I urge you to read the original write up. I want to highlight three comments or passages that shed light on information retrieval, which is my area of interest. Spoiler: Not good news for those who want relevant results.
Larry Page, not content with plain search, wants to do something bigger:
to use the money that is spouting from its search advertising business to stake out positions in boom industries of the future, from biotech to robotics.
Mr. Page wants the real movers and shakers to get in gear:
Page estimates that only about 50 investors are chasing the real breakthrough technologies that have the potential to make a material difference to the lives of most people on earth. If there is something holding these big ideas back, it is not a shortage of money or even the barrier of insurmountable technical hurdles. When breakthroughs of the type he has in mind are pursued, it is “not really being driven by any fundamental technical advance. It’s just being driven by people working on it and being ambitious,” he says. Not enough institutions – particularly governments – are thinking expansively enough about these issues: “We’re probably underinvested as a world in that.”
Technology, of course, is the one true way, but some people have not embraced Google’s view of what’s logical:
“I think people see the disruption but they don’t really see the positive,” says Page. “They don’t see it as a life-changing kind of thing. I think the problem has been people don’t feel they are participating in it.”
Like the recent Eric Schmidt opus How Google Works, Google executives want to be more than rich. Google wants to be the giver of wisdom. I am okay with that, but how many of those put out of work by technology will agree?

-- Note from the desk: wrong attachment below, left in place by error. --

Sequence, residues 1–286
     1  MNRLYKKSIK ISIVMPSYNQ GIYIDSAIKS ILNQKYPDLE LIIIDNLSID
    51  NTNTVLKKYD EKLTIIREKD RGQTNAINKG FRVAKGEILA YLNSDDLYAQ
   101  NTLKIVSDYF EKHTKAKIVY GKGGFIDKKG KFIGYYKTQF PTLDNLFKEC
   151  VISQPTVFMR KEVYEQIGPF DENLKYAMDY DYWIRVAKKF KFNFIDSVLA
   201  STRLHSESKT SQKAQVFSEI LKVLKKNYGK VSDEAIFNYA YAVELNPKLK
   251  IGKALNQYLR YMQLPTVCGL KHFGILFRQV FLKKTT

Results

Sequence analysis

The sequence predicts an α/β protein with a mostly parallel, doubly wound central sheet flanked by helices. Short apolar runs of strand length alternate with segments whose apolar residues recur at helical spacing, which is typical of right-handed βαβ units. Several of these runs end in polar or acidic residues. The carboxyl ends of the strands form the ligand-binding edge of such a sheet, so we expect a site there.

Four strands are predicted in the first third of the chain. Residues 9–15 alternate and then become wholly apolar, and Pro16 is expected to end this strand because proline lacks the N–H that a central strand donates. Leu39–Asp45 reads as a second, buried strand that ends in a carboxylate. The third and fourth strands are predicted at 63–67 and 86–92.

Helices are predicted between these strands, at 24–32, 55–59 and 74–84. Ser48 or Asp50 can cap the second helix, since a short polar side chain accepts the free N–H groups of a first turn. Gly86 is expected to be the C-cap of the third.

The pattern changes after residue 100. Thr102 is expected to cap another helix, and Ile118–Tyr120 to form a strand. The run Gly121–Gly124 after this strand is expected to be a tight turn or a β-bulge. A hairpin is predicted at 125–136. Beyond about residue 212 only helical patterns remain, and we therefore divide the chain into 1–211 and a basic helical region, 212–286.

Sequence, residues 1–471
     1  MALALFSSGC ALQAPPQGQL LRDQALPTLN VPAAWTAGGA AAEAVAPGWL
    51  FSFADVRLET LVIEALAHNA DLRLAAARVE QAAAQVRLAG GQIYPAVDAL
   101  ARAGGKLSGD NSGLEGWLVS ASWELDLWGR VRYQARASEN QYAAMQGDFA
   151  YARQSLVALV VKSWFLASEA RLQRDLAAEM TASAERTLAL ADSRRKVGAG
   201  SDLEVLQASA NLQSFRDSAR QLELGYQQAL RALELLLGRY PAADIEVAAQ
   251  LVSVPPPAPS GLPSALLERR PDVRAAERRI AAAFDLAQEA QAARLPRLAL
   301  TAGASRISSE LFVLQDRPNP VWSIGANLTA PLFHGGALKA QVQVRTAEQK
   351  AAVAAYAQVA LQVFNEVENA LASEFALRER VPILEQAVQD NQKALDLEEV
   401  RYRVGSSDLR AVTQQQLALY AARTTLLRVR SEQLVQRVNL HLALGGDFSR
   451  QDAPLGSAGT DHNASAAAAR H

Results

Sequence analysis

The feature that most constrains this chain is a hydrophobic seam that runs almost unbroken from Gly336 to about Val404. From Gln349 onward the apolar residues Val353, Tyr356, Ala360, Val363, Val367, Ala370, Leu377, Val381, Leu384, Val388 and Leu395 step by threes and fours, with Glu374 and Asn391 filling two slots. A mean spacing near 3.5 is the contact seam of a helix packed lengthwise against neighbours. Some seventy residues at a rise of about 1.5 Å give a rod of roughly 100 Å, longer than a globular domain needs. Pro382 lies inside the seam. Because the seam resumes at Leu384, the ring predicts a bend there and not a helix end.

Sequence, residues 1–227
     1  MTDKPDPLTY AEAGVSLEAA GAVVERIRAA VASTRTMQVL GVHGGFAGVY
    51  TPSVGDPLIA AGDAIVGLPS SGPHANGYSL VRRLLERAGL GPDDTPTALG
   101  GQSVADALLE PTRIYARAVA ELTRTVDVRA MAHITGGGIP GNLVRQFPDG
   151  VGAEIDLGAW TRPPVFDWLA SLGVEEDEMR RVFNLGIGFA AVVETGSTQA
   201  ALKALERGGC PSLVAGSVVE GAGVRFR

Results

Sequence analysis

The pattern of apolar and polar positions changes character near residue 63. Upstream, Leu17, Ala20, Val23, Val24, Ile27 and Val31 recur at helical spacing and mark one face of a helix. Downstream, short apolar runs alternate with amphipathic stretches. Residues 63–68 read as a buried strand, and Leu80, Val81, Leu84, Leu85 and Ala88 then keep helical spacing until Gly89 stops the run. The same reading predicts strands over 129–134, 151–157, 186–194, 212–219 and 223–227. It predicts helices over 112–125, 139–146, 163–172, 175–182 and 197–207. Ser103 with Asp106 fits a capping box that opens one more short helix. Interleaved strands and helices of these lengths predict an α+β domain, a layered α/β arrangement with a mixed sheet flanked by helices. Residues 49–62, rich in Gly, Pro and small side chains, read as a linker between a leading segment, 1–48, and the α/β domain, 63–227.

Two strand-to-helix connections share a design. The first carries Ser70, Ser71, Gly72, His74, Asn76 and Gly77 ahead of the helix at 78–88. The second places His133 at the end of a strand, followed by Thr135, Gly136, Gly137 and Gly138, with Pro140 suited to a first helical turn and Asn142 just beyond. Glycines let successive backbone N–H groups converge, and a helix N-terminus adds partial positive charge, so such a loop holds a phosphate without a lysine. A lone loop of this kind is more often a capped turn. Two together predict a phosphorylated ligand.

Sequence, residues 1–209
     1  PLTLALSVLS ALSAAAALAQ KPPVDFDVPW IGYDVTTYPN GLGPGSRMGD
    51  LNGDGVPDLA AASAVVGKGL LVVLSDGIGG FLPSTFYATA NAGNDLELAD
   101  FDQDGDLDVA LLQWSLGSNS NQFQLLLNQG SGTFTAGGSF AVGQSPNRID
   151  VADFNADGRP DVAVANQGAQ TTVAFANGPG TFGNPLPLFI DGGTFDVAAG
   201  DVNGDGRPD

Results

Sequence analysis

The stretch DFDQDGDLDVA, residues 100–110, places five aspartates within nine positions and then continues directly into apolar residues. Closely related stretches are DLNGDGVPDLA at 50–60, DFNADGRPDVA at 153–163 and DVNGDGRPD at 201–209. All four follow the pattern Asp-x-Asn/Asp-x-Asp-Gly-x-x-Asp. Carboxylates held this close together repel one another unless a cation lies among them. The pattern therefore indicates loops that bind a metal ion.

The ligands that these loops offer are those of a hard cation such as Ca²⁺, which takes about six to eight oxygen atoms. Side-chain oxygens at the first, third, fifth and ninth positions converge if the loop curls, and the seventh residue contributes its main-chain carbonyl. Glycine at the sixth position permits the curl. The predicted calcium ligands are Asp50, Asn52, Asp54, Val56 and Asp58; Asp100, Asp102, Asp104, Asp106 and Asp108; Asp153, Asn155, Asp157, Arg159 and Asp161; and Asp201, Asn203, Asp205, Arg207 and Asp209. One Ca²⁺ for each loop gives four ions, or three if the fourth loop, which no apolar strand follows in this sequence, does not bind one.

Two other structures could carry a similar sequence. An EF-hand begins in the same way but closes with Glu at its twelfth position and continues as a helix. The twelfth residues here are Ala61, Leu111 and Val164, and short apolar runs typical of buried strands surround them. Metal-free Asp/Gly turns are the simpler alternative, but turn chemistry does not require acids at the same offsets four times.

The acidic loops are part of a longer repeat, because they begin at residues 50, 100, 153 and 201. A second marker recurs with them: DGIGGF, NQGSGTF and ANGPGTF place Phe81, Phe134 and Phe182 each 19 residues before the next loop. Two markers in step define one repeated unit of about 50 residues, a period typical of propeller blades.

Stephen E Arnold, November 1, 2014
October 7, 2014
Venerable Hewlett Packard may be a bellwether for other established high technology companies trapped in a time warp. Some hardware and services are enterprise centric. Other hardare and services are consumer centric.. Why not create two companies and double the fun?
The Bloomberg article “HP Split Is Latest Chapter in Whitman’s Change-Filled Career” does a good job of summarizing HP management flip flops. First, it is PCs and enterprise. Then it is to be split up. No, no. HP will not sell its PC and printer business. Oh, oh, wait. Now HP management will create two companies. Wow.
The write up states:
Whitman will lead Hewlett-Packard Enterprise, a business focused on corporate hardware and services, while Dion Weisler, the vice president in charge of Hewlett-Packard’s personal-computer and printer operations, will become CEO of that business. Whitman has been introducing new products and today she expanded a job-cut program to more than 55,000 jobs to trim costs. Hewlett-Packard, based in Palo Alto, California, has fallen behind in mobile computing at a time when consumers have migrated to smartphones and tablets, and last year lost its place as the largest maker of PCs to Lenovo Group Ltd. The split represents a reversal for Whitman, who ruled out a spinoff of the company’s PC division months after replacing Leo Apotheker, who had floated that possibility earlier that year. Whitman has since reiterated Hewlett-Packard’s commitment to the PC business on numerous occasions.